© Georg Thieme Verlag Stuttgart · New York
The Revised Monoamine Theory of Depression: A Modulatory Role for Monoamines, Based on New Findings From Monoamine Depletion Experiments in Humans
23 April 2007 (online)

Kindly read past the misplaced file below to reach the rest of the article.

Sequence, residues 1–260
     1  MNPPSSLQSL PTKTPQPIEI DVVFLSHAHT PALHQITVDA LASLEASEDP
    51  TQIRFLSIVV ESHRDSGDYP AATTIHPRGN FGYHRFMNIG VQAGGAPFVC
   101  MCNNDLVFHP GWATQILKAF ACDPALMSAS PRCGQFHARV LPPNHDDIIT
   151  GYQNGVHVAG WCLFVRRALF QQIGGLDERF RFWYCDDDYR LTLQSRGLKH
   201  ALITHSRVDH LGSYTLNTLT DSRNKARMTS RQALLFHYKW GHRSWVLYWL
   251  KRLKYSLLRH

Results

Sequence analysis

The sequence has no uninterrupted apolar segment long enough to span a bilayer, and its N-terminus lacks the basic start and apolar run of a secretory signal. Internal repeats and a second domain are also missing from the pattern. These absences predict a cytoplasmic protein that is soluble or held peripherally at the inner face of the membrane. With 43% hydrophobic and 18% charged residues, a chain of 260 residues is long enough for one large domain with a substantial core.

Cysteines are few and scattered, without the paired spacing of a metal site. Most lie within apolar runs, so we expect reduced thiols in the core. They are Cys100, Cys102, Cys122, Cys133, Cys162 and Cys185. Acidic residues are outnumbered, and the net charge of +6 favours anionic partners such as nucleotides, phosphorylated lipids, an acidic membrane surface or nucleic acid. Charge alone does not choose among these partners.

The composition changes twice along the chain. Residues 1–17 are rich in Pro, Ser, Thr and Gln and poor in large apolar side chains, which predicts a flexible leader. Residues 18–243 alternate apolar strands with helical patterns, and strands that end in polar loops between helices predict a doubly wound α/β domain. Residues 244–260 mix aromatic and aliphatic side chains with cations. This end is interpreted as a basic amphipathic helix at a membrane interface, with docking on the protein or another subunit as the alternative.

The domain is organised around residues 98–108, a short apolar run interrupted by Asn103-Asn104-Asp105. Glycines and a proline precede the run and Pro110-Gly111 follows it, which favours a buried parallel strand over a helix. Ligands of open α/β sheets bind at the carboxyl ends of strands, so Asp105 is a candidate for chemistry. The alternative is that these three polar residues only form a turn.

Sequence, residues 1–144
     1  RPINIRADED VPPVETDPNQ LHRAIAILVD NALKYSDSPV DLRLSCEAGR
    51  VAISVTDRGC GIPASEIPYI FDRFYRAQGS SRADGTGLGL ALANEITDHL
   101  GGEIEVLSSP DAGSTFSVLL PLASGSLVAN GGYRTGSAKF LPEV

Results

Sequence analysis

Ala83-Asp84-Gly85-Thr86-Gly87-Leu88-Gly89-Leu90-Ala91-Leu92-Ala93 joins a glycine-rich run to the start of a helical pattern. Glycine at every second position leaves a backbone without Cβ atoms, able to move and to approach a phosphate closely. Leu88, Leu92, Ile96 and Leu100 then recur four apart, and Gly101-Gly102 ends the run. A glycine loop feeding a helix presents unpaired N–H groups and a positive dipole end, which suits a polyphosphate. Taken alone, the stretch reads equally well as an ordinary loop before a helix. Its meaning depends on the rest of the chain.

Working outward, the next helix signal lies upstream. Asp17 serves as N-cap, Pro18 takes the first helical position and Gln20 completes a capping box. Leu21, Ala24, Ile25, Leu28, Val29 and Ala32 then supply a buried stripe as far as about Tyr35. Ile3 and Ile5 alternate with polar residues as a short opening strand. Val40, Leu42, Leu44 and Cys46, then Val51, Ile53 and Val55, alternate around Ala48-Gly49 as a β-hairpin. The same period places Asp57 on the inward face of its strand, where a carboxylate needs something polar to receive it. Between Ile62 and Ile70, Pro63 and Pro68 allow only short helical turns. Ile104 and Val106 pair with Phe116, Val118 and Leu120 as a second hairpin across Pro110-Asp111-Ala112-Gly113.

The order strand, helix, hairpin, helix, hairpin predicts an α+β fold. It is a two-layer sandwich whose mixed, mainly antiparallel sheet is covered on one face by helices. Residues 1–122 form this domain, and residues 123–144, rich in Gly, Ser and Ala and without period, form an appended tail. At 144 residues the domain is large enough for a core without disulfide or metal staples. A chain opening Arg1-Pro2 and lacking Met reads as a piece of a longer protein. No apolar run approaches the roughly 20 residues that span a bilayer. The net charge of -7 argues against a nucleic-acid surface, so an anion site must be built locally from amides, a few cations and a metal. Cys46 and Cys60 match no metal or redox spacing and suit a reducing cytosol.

The original hypothesis that brain monoamine systems have a primary direct role in depression has been through several modifications during the past 30 years. In order to test this hypothesis and more fully characterize the role of serotonin and catecholamines in the pathophysiology of depression and the mechanism of action of antidepressant treatments, our research group has conducted a series of studies evaluating monoamine depletion induced brief clinical relapse following different types of antidepressant treatment of depressed patients. We have also studied the effects of monoamine depletion (SD) on depressive symptoms in depressed and recovered patients off medication and in healthy controls. Relapse to serotonin depletion or to catecholamine depletion (CD) was found to be specific to the type of antidepressant treatment, i.e., patients responding to selective serotonin reuptake inhibilitors relapsed more frequently following SD than CD and patients responding to selective catecholamine reuptake inhibitors relapsed more frequently following CD than SD. Neither CD or SD increased depressive symptoms in clinically ill patients off treatment, or produced clinical depression in normal controls. However, recovered patients with a prior history of depression had a relapse with SD. Patients with obsessive compulsive disorder who improved on SSRI treatment, did not have an increase in OCD symptoms but those with prior depressive symptoms did have an increase in depressive symptoms with SD.